Image by Ivy Sanders Schneider

A Crowded Dinner Table

Nawal Arjini

I’m the recipient of a blessing that might sound like a curse. I live with my mother — in fact, I live under her, in a house stacked with my grandfather, my boyfriend, and, as of a year ago, my son. My fear that this arrangement would be constraining lifted entirely when he was born: my mother takes care of him for a good part of most workdays and weekend nights. In the mornings, my grandfather watches his great-grandson scuttle around his ankles.

Twenty-eight years ago, my mother made a great effort to avoid this same experience. She and my father relied on the help of family when my sister and I were infants, but they lived in their own apartment. The judgment and gossip of aunties; the cold shoulders of mustachioed uncles; a demanding younger brother; and my grandmother herself, who threw a Bible at my mother when she found out she was dating my father (she got over it soon after): my parents left all this behind, but at some expense, accruing tens of thousands of dollars in credit card debt.

When I moved back in with my mother after college, I worried about regressing psychologically. When I decided to have a baby under her roof, I worried about regressing historically, resurrecting the kind of pre-nuclear household that burdened its women and children with oppression by multiple generations. Now I think this may in fact be the future — that high rents, low incomes, and delayed inheritances will stuff people back into their childhood bedrooms. As home prices rise faster than wages, familial assets come to mean much more than a salary, even a middle-class one. And once we’re home, some parents — and especially mothers like mine — can take upon themselves the load that should be the state’s, providing not only subsidized rent but also food security, the occasional cash transfer, and free childcare, in addition to the free eldercare they often already supply.

I make less than the median college graduate. How many people my age, if they had relatives with stable and capacious housing, would move back home? (Already almost half of Americans between 18 and 29 have.) They might have to sacrifice certain freedoms their peers enjoy: open relationships, security in the knowledge that their mother will not hear them having sex, an entire weekend free of familial responsibilities. A successful arrangement would be contingent on relatives like my mother, who, to the extent any parent can, understands and respects me and my partner. And it’s really only possible for it to feel like a choice, not an obligation, because the house itself is an asset that will eventually pass to the younger generations within it — a property inheritance structure that limits so many other people’s lives. But distributing the labor of eldercare and childcare means less pressure on everyone — the dream, obviously, of a communist utopia.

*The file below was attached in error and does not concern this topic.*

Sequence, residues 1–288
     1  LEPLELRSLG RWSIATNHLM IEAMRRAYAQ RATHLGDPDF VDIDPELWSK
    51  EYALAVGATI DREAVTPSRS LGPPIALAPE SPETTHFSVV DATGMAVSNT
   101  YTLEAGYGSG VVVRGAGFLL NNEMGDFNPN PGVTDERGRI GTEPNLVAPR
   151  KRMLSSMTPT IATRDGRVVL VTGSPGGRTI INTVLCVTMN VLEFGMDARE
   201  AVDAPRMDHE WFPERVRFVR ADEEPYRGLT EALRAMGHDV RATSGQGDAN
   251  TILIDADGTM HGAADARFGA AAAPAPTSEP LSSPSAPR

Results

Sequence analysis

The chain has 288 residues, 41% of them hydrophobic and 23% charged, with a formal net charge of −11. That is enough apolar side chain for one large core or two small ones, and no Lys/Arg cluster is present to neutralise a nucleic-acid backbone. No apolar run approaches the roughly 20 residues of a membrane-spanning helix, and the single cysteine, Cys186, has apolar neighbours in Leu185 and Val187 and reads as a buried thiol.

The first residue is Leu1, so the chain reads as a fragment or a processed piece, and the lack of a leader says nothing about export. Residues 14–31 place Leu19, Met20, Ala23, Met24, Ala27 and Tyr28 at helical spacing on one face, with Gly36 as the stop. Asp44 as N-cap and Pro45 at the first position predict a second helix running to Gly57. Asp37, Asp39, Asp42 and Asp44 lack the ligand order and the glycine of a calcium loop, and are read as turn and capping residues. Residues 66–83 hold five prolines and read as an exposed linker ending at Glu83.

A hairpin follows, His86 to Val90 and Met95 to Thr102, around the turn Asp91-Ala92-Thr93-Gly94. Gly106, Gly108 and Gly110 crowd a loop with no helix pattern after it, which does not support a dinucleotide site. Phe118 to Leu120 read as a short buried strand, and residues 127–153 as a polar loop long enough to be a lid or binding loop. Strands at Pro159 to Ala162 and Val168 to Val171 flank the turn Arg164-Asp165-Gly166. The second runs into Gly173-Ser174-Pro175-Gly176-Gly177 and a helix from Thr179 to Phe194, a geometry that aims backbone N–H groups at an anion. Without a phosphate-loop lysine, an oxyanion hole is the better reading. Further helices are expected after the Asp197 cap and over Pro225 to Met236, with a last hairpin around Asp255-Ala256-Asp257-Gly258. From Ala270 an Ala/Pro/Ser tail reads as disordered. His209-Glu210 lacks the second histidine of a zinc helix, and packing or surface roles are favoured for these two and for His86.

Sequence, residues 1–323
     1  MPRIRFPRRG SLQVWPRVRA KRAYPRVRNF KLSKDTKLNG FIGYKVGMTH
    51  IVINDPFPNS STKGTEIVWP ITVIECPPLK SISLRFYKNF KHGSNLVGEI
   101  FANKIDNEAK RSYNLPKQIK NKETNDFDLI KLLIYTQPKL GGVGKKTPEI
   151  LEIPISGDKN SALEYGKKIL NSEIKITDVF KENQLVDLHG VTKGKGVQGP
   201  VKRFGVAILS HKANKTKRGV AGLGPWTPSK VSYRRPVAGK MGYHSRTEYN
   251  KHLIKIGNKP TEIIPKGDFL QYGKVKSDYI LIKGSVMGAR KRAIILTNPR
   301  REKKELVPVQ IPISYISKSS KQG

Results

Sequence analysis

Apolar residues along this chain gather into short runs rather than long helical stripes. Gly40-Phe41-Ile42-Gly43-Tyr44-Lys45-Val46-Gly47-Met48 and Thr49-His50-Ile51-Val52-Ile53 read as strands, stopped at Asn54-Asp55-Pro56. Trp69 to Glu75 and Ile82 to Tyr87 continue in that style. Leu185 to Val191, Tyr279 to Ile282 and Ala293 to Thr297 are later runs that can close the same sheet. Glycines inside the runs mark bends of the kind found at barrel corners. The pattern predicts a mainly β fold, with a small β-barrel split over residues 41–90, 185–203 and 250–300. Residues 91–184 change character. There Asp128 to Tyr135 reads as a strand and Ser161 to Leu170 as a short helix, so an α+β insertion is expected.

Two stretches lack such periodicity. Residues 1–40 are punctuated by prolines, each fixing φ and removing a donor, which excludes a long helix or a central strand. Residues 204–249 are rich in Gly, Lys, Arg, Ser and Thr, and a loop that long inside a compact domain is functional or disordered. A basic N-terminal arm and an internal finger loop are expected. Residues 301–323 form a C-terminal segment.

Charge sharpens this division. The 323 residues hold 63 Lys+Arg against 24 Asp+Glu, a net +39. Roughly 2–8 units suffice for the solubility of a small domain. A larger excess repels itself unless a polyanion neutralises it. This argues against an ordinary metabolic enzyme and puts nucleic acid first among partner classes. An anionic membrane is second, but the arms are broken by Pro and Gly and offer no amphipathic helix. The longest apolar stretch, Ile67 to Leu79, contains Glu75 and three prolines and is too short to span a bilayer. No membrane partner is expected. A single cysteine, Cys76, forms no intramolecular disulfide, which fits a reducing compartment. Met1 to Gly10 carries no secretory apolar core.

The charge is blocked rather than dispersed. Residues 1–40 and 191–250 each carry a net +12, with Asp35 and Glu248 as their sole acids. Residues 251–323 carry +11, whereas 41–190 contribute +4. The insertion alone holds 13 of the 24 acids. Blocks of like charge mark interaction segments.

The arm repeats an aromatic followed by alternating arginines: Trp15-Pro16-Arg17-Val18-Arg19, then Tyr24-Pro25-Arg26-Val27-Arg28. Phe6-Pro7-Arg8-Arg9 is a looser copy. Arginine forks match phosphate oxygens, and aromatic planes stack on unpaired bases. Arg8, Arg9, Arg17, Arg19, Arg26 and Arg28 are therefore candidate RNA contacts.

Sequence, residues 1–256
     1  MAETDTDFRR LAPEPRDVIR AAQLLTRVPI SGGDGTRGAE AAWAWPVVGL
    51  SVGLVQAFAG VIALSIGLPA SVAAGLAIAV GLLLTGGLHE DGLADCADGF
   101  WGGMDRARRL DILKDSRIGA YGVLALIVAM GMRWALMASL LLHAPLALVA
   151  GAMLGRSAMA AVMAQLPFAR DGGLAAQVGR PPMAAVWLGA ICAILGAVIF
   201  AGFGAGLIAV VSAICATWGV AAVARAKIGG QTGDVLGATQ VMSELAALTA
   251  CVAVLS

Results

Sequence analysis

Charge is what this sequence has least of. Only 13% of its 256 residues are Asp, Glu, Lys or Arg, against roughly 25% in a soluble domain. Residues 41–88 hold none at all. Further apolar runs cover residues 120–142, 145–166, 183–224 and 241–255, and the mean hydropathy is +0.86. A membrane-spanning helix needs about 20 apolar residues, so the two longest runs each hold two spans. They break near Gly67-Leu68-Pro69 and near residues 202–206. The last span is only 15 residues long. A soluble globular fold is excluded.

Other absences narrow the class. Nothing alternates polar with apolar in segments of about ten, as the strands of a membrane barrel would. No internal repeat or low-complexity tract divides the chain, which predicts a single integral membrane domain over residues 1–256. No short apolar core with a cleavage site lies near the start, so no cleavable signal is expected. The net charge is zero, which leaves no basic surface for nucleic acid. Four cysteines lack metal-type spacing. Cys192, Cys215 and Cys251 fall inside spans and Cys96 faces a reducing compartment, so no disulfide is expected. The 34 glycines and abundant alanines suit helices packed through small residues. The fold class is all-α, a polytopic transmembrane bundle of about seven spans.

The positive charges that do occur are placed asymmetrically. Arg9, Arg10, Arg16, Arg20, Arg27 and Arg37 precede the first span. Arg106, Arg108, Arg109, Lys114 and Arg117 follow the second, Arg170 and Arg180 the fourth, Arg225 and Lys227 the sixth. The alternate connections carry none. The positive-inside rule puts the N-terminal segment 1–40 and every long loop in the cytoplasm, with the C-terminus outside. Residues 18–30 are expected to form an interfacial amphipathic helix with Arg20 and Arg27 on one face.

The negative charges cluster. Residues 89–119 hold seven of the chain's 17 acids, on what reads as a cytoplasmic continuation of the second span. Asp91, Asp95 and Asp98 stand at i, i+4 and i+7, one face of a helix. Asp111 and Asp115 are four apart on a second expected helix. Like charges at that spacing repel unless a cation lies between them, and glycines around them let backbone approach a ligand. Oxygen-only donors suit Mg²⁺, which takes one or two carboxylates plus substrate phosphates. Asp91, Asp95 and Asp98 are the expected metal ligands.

For two hundred years, people have been fantasizing about lives in which they cook together every day, sleep with the doors open, forget whose children are whose, shed gender, undo race, rear cattle in the evening. These feminist fantasies found new form in the 1960s, theorized for a new age by the second wave and put into practice by hippies and anarchists. At the same time, conservatives, recognizing the welfare state as a form of income redistribution, began to dismantle it and instead tie the fate of families to their ability to secure property. Even for those it benefits, the asset economy means that care is only provided in private. The multi-generational family in a private home — all paying rent toward the same mortgage, recreating the welfare state inside a single domicile — is a much-diminished utopia.

I didn’t expect to have children in my mother’s house, though I certainly also never dreamt of a nuclear unit, which always seemed to me like it would bring a heavy and isolating burden, especially on women. But with my mother around, my baby is never less than a loud, messy joy. I wanted children because I like a crowded dinner table. My vision of an inhospitable future warms with the thought of my son’s friends, my own, my sister’s, my mother’s, putting out cups for water and teaching each other to chop onions. If only it didn’t have to happen at home.

Nawal Arjini is an assistant editor at The New York Review of Books.